New Insights in Cushing Disease Treatment With Focus on a Derivative of Vitamin A
- 1Instituto de Investigación en Biomedicina de Buenos Aires (IBioBA) – CONICET – Partner Institute of the Max Planck Society, Buenos Aires, Argentina
- 2División Endocrinología, Hospital General de Agudos “Carlos G. Durand”, Buenos Aires, Argentina
- 3Departamento de Fisiología y Biología Molecular y Celular, Facultad de Ciencias Exactas y Naturales, Universidad de Buenos Aires, Buenos Aires, Argentina
Cushing’s disease (CD) is an endocrine disorder originated by a corticotroph tumor. It is linked with high mortality and morbidity due to chronic hypercortisolism. Treatment goals are to control cortisol excess and achieve long-term remission, therefore, reducing both complications and patient’s mortality. First-line of treatment for CD is pituitary’s surgery. However, 30% of patients who undergo surgery experience recurrence in long-term follow-up. Persistent or recurrent CD demands second-line treatments, such as pituitary radiotherapy, adrenal surgery, and/or pharmacological therapy. The latter plays a key role in cortisol excess control. Its targets are inhibition of adrenocorticotropic hormone (ACTH) production, inhibition of adrenal steroidogenesis, or antagonism of cortisol action at its peripheral receptor. Retinoic acid (RA) is a metabolic product of vitamin A (retinol) and has been studied for its antiproliferative effects on corticotroph tumor cells. It has been shown that this drug regulates the expression of pro-opiomelanocortin (POMC), ACTH secretion, and tumor growth in corticotroph tumor mouse cell lines and in the nude mice experimental model, via inhibition of POMC transcription. It has been shown to result in tumor reduction, normalization of cortisol levels and clinical improvement in dogs treated with RA for 6 months. The orphan nuclear receptor COUP-TFI is expressed in normal corticotroph cells, but not in corticotroph tumoral cells, and inhibits RA pathways. A first clinical human study demonstrated clinical and biochemical effectiveness in 5/7 patients treated with RA for a period of up to 12 months. In a recent second clinical trial, 25% of 16 patients achieved eucortisolemia, and all achieved a cortisol reduction after 6- to 12-month treatment. The goal of this review is to discuss in the context of the available and future pharmacological treatments of CD, RA mechanisms of action on corticotroph tumor cells, and future perspectives, focusing on potential clinical implementation.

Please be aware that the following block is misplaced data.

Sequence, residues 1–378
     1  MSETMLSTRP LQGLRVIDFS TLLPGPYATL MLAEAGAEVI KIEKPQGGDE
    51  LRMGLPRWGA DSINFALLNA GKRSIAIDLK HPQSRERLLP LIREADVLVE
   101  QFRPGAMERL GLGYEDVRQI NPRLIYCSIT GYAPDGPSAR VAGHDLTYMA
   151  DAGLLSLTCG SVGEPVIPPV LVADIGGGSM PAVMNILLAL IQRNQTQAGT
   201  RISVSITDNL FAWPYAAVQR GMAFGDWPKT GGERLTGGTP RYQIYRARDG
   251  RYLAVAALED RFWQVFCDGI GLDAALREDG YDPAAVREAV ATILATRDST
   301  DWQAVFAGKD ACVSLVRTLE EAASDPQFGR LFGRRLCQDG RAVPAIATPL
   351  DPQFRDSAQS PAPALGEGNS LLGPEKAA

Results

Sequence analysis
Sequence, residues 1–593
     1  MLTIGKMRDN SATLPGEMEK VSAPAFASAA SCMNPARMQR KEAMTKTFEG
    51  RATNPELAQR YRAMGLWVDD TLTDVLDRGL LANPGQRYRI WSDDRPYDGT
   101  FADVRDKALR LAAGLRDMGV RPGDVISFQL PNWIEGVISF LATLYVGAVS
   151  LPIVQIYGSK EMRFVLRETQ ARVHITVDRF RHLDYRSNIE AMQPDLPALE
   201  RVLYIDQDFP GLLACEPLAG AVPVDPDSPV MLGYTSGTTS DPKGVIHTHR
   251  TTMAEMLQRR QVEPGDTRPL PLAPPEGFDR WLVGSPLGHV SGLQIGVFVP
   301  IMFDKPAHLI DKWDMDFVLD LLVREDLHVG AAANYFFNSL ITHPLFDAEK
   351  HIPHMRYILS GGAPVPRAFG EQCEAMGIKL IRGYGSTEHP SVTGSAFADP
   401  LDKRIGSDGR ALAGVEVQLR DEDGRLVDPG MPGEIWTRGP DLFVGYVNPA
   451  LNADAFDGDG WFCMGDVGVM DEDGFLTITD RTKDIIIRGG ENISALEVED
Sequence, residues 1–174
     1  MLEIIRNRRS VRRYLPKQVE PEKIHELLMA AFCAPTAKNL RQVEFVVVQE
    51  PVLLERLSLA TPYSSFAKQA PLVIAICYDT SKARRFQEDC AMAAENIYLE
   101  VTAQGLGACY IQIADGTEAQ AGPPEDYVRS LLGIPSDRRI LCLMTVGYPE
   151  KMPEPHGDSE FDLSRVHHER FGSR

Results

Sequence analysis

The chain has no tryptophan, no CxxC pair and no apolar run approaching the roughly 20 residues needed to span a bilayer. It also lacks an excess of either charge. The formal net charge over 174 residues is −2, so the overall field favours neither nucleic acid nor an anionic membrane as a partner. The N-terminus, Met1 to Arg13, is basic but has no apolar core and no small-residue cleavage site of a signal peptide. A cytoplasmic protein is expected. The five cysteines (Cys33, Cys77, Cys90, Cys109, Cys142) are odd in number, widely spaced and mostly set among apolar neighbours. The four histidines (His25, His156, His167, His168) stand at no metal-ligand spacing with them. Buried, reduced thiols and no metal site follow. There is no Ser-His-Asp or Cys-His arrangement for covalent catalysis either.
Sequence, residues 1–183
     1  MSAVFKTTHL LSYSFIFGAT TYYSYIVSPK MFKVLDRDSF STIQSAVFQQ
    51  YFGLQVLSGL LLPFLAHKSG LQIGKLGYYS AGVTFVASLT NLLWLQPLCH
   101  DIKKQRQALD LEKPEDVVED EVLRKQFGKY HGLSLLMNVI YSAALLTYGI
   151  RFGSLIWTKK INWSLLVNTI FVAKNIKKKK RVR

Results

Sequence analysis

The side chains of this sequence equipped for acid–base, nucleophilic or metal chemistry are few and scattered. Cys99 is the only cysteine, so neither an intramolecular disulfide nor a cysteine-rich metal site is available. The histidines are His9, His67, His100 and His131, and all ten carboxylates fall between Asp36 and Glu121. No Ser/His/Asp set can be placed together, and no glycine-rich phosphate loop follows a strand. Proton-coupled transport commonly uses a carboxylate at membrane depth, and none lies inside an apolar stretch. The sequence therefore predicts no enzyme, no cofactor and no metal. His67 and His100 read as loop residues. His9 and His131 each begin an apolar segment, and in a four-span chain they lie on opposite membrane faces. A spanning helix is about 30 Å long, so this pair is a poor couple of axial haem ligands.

Cushing’s disease (CD) is a severe endocrine disorder associated with increased morbidity and mortality, caused by an adrenocorticotropic hormone (ACTH) secreting pituitary adenoma (1). It is the most common form of endogenous Cushing’s syndrome (CS) (2), and it is the consequence of excessive secretion of cortisol from the adrenal glands. ACTH pituitary adenomas are microadenoma in more than 90% of cases (3).
The clinical phenotype involves features related to metabolic syndrome (diabetes mellitus, central obesity, hypertension, and dyslipidemia), muscle weakness, easy bruising, hirsutism, and cognitive disorders. The main cause of death is represented by cardiovascular disease (4–6).
First-line of treatment for CD is transsphenoidal surgery, aimed to remove the pituitary adenoma. However, success rates are variable (reported as 65–90%) depending on the surgeon’s expertise (5, 7). Pituitary radiotherapy and bilateral adrenalectomy are usually selected as second-line therapies when hypercortisolism persists; however, they are associated with long-term complications (6, 8).
In this review, we will summarize the current state of art of pharmacological treatment of CD. We will focus on retinoic acid (RA), its molecular mechanism of action in different models of CD, its use, and future perspectives.
Pharmacological Therapy of CD
There are three pathophysiological mechanisms that are targeted by different treatments: central inhibition of ACTH secretion, adrenal-directed inhibition of steroidogenesis, and glucocorticoid receptor (GR) blockade (11) (Table 1).
We will also discuss new molecular targets and other medical treatment perspectives. The availability of drugs with different mechanisms of action expand the therapeutic spectrum and allow drug combinations, as will be pointed, thus permitting cortisol levels normalization with the lowest rate of adverse effects.
Central Inhibition of ACTH Secretion
Corticotroph adenomas frequently express both dopamine receptors (DRs) and somatostatin transmembrane receptor (SSTR).
Somatostatin Receptor Ligands (SRLs)
Pasireotide (SOM230) is a novel somatostatin analog that binds to multiple SSTR with high affinity and has a 40-fold higher affinity for SSTR5 than octreotide. SSTR5 is the predominant SSTR expressed in corticotroph tumors (7, 26). Octreotide and lanreotide have high affinity for SSTR2 and moderate affinity for SSTR5. The expression of SSTR2 is reduced by hypercortisolism and SRLs acting on SSTR2 are not effective in CD patients (27, 28). SSTR5 expression may be less susceptible to the suppressive effect of cortisol (29–31).